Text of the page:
Only time will tell if new SIUE head coach Jon Harris is the right guy to push the Cougars beyond mediocrity on the basketball court.
But if the university administration's aim is to tie a stronger bond between the metro-east and its only Division-I sports program — and maybe put a few extra rear ends in the Vadalabene Center seats — it's hard to imagine a better fit than Hometown Harris.
He grew up in Edwardsville, was a star at Edwardsville High School and he's spent the last seven years being mentored by Cuonzo Martin, the East St. Louis native who now leads the Pac-10's California Golden Bears.
Harris is a metro-east guy.
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And based on what he said Monday during his official introduction as the eighth head coach in Cougar history, he intends to build a program that reflects who he is.
The message must be a refreshing one to SIUE Athletic Director Brad Hewitt, who has led a major investment in the university’s intercollegiate sports program that includes updated facilities and, of course, a transition to NCAA Division I. It’s an investment that has gone largely unnoticed by the region’s basketball fans.
As one of just two D-I programs in the St. Louis metropolitan area, the basketball Cougars draw from the Ohio Valley Conference's biggest market, yet last season ranked 11th in the 12-team league in average home attendance. There were nearly twice as many people in the Okawville High School gym for a Class 1A sectional championship than the 1,600 that typically show for any mid-major match-up at Vadalabene Center.
There are probably all kinds of theories for why that is. But I think it’s because SIUE still has a local reputation as a commuter school, where campus life goes lifeless at the end of the academic day. That does nothing to engender loyalty among the alumni or engage the surrounding community.
New campus dorms certainly will help, as will upgrades to Vadalabene Center and the athletic program's move to Division I.
The university has laid the infrastructure to change campus culture. Now it needs a messenger.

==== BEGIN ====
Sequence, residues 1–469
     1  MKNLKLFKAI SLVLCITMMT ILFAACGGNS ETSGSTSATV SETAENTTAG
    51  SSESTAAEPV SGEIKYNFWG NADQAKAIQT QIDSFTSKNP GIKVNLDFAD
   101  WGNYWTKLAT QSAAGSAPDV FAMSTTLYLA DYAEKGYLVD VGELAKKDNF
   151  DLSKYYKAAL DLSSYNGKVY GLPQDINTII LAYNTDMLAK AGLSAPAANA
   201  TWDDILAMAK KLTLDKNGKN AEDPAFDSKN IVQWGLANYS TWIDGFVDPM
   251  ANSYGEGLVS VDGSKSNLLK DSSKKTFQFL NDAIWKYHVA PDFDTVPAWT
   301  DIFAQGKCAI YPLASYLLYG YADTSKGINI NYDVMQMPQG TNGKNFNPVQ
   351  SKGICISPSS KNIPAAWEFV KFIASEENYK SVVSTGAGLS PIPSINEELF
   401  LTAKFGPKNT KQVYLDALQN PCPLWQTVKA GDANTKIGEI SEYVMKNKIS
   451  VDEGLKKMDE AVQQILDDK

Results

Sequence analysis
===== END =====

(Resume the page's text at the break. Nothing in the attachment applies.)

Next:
Enter Hometown Harris.
Hewitt insists Harris would have been considered for the job, even if he came from Timbuktu. But he can't deny that Harris' home-grown status gave him a leg up.
Harris likewise insisted that coming home wasn't his objective in applying for the job, yet made it clear he'll leverage his familiarity with the area to advance the program’s allure.
He’ll start with a staff of assistant coaches who are as entrenched in the metro-east as he is. They’ll collectively get to work rebuilding a roster that’s heavy on local talent, and will “put up a fence” to corral them if they have to.
"The recruiting footprint is enticing. The talent is exciting,” Harris said. “We have to build relationships and make these guys feel good about coming to campus."
Then, he says, he’ll dispatch his charges into the surrounding communities as visible representatives of SIUE basketball.
"I'm a firm believer that communities will support universities that support communities," he said. "We will take every day to entrench ourselves in the campus community and in the community of Edwardsville and greater St. Louis metropolitan area.”
Previous coach Lennox Forrester, whose contract wasn’t renewed at the conclusion of the past season, wasn't much older than Harris is now and had no more experience when he accepted the challenge to lead the Cougars through their conversion to NCAA Division I. He took on a tall task seven years ago and did the job well.
Now it’s time for Hometown Harris build on what Forrester helped to create and sell it to metro-east basketball fans.
On that front, he’s the right fit for the job.
"I feel like I'm connected in this region — in Southern Illinois and the St. Louis market. I've recruited a lot of times and grew up in the area. It's a relationship deal. You have to have the facilities, the environment and a very good basketball league. We have that.
"It goes back to relationships and I’m a relationship guy.”